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The Museum of Texas Tech University hosted a Museum by Night event from 6 to 9 p.m. on Thursday with the theme "Murder Mystery." 

The event featured a mystery set in the 1950s during which a high school president collapses during a party and is pronounced dead, or rather, murdered. 

The activity was limited to 150 people, according to the Facebook page for the event. Costumers were encouraged. 

“We do this a couple of times a year, though it’s mostly geared toward adults,” Caroline Reeves, education manager at the museum, said. “We do a lot of kid activities, but this is more for the adult audience. Tonight, we have a group coming from Dallas to perform a Murder Mystery Event.”  

Reeves said events hosted by the museum differ due to a variety factors, noting events such as lectures, birthday parties, live music and wine tasting. Reeves also said this is the Museum’s 90th year and events occur every year.  

Christabel Zips, a guard of the museum and spectator of the event, said the aura which people gave off was astounding and filled with enthusiasm.   

“As far as for working the museum at night, I’ve worked a few of them in the past, but this is the first time I’ve experienced something that’s interactive like this, with the audience,” Zips said. “It was eccentric, wild, funny, and it was just great.”  

Zips said that the museum holds events similar to the Murder Night that are open to the public. If people are interested interested, more information is available on the Museum's website or Facebook page.  

Shkristin Shipp, a former Tech student and Lubbock local, said participating in an activity such as a Murder Mystery has always been a dream of hers.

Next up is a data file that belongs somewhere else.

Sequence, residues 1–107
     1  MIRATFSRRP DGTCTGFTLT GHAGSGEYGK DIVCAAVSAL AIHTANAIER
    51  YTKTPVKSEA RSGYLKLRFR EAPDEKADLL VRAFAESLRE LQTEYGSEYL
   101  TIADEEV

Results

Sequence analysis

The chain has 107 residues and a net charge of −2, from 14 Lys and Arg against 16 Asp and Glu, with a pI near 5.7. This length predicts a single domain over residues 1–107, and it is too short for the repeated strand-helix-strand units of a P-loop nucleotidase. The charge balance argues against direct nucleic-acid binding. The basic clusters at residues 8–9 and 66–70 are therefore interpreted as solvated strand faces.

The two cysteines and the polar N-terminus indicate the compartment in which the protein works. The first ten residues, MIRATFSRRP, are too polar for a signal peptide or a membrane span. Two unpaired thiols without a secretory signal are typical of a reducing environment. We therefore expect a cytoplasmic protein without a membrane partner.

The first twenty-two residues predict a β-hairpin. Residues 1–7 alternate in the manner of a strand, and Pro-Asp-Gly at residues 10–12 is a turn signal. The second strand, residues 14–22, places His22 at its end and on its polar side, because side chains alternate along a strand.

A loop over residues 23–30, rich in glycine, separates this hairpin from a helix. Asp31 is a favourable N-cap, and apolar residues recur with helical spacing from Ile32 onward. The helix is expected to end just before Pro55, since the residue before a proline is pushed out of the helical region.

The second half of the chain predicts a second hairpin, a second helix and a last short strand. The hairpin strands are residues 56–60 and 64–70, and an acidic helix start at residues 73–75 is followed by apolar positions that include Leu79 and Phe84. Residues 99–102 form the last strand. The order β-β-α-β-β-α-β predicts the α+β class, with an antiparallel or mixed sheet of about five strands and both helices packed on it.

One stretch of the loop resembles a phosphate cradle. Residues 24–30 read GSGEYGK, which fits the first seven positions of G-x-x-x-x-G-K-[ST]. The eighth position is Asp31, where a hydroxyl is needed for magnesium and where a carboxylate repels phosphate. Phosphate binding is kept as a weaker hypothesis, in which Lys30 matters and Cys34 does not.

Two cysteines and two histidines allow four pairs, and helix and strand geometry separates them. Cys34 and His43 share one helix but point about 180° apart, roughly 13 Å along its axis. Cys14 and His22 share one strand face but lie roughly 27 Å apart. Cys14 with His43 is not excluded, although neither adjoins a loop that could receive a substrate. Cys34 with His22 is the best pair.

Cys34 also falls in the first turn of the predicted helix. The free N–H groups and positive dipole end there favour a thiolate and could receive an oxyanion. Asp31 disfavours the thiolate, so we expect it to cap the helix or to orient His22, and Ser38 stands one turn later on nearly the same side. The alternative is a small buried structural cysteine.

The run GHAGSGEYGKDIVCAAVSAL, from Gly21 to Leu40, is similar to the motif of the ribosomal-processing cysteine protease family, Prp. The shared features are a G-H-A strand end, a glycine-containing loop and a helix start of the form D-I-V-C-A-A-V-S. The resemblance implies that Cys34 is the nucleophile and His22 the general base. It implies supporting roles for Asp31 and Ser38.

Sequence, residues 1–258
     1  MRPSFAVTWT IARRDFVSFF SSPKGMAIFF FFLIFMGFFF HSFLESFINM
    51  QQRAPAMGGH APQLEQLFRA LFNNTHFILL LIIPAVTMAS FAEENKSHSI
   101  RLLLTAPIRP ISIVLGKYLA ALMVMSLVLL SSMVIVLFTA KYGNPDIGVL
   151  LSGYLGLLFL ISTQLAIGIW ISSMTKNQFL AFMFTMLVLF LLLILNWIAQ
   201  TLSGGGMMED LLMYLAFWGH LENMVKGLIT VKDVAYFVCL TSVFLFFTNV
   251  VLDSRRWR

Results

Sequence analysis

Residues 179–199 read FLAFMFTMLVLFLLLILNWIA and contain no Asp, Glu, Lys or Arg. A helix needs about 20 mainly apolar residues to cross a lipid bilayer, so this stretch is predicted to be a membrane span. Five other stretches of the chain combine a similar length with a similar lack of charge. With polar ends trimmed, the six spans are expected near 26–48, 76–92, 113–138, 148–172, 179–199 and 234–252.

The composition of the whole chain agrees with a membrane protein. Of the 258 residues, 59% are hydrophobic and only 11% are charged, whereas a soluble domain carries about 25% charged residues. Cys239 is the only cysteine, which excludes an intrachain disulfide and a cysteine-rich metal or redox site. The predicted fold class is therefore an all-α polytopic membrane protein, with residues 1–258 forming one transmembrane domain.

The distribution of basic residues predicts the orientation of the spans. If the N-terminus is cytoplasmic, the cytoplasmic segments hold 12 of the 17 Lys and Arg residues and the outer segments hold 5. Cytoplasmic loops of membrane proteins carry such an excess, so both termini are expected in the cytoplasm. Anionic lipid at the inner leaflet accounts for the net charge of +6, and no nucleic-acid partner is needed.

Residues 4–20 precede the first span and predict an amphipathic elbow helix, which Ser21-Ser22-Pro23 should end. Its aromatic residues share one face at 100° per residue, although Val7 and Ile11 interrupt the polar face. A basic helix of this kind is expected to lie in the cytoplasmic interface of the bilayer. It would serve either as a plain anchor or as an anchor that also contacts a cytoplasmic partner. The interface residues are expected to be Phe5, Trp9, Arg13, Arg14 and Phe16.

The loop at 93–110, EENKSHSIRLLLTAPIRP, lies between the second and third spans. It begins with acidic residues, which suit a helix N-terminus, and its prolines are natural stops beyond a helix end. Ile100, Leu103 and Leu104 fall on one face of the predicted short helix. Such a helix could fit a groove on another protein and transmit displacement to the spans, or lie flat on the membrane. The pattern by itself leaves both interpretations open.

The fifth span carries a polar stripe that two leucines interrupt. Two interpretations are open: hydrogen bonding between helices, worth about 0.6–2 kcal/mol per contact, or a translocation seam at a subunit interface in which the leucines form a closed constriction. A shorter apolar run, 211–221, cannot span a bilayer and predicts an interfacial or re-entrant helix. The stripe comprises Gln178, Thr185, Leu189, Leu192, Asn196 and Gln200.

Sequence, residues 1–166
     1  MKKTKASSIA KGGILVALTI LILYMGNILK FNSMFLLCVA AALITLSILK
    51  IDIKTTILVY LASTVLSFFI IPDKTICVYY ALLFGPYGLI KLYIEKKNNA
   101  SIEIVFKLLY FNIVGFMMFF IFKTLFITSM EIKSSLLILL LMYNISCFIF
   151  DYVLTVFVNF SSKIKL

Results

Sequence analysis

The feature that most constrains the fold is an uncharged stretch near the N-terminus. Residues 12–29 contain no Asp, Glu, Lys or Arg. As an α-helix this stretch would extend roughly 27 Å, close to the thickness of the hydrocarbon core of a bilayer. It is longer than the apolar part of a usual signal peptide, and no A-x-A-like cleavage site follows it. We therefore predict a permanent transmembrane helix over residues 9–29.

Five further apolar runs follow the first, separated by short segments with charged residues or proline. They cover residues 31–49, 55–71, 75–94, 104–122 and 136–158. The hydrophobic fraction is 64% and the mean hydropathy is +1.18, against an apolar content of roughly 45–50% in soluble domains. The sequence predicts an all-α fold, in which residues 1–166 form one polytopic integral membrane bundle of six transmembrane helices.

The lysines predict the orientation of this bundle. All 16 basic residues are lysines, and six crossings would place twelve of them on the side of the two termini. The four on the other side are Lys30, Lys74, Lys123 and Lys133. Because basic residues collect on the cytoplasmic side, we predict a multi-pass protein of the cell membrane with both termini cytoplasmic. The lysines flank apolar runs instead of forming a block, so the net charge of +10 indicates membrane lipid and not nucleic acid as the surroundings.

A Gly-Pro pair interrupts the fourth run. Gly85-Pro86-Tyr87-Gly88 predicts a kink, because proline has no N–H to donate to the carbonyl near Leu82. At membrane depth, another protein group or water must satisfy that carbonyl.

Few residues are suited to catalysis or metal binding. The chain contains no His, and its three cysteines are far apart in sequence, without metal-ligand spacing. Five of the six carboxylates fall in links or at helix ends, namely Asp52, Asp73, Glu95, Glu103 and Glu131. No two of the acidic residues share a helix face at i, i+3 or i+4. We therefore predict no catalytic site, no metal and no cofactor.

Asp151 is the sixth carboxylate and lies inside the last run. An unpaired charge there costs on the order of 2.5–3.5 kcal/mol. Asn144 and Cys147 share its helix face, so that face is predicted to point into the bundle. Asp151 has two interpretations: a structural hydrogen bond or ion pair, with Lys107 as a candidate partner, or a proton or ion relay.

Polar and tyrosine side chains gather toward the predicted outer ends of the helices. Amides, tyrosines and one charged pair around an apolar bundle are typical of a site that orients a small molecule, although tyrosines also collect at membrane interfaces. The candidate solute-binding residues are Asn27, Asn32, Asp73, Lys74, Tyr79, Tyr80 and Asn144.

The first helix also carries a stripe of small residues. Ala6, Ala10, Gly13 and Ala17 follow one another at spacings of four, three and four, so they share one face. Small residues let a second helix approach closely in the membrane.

Accompanying Shipp was Liz Morgan, another former Tech graduate and Lubbock local who previously had not known that events like these existed, Morgan said. 

Morgan said she was sad this Murder Mystery night was the last event of the year. However, she said she and Shipp will be back next time and plan on participating in events moving forward.   

Morgan and Shipp were both parts of the winning group of the night. Shipp said  through cooperative teamwork and determination, they were able to find the culprit.   

“We saw it on Facebook, and we decided we wanted to come,” Shipp said. “We always wanted to do a Murder Mystery; it was just something right up our alley, perfect timing and perfect night that we could get here.”   

Morgan and Shipp both said the activity was delightful and an experience which they are glad to have taken part in. Moving forward, both hope to attend similar events and continue enjoying their time.  

“I think that probably if these types of events were publicized more, I think there would be a lot more participation, because it far exceeded my expectations,” Shipp said.   

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